THE ENGLISH LANGUAGE IN THE FOURTEENTH
§ 1. GENERAL. Gower's work shows that at the end of the century Latin and French still shared with English the place of a literary language. But their hold was precarious.
Latin was steadily losing ground. The Wiclifite translation of the Bible threatened its hitherto unchallenged position as the language of the Church; and the Renaissance had not yet come to give it a new life among secular scholars.
French was still spoken at the court; but in 1387 Trevisa remarks (p. 149) that it was no longer considered an essential part of a gentleman's education: and he records a significant reform--the replacement of French by English as the medium of teaching in schools. After the end of the century Anglo- French, the native development of Norman, was practically confined to legal use, and French of Paris was the accepted standard French.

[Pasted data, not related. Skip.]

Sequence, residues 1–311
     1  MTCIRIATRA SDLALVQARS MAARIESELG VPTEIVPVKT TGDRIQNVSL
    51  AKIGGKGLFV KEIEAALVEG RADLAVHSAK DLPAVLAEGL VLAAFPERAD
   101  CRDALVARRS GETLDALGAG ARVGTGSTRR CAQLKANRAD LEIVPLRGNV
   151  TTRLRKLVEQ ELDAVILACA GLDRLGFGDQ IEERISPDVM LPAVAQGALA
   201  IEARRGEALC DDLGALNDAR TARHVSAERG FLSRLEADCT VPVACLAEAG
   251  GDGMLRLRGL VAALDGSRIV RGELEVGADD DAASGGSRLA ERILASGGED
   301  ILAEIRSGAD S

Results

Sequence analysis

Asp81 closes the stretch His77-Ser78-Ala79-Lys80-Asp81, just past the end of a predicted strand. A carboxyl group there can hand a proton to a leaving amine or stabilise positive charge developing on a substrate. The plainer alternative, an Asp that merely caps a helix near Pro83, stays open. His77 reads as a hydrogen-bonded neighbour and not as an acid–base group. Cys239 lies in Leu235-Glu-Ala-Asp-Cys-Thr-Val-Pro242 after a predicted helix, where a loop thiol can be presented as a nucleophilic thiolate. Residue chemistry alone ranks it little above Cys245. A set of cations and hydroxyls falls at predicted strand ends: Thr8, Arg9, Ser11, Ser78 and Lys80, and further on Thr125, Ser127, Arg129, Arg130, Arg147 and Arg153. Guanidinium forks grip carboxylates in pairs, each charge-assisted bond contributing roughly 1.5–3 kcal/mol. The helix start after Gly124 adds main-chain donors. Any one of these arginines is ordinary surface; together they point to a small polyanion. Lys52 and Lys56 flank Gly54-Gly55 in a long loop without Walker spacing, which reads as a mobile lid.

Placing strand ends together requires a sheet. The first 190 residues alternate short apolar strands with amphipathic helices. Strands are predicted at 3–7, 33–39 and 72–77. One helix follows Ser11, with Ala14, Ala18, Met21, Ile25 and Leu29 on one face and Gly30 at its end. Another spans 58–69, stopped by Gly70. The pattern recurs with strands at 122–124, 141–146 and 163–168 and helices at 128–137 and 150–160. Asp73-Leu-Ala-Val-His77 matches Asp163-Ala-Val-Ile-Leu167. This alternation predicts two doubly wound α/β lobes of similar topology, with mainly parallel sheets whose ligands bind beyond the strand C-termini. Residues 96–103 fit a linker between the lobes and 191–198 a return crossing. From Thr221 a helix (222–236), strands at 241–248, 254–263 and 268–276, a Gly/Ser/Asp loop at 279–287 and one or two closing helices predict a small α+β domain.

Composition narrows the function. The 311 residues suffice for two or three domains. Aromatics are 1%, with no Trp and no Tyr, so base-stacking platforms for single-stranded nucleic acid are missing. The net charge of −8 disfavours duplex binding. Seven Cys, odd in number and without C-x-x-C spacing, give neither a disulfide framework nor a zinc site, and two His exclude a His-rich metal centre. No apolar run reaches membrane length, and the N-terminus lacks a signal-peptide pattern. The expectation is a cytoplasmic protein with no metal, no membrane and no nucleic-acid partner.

English gained wherever Latin and French lost ground. But though the work of Chaucer, Gower, and Wiclif foreshadows the coming supremacy of the East Midland, or, more particularly, the London dialect, there was as yet no recognized standard of literary English. The spoken language showed a multiplicity of local varieties, and a writer adopted the particular variety that was most familiar to him. Hence it is almost true to say that every considerable text requires a special grammar.
Confusion is increased by the scribes. Nowadays a book is issued in hundreds or thousands of uniform copies, and within a few months of publication it may be read in any part of the world. In the fourteenth century a book was made known to readers only by the slow and costly multiplication of manuscripts. The copyist might work long after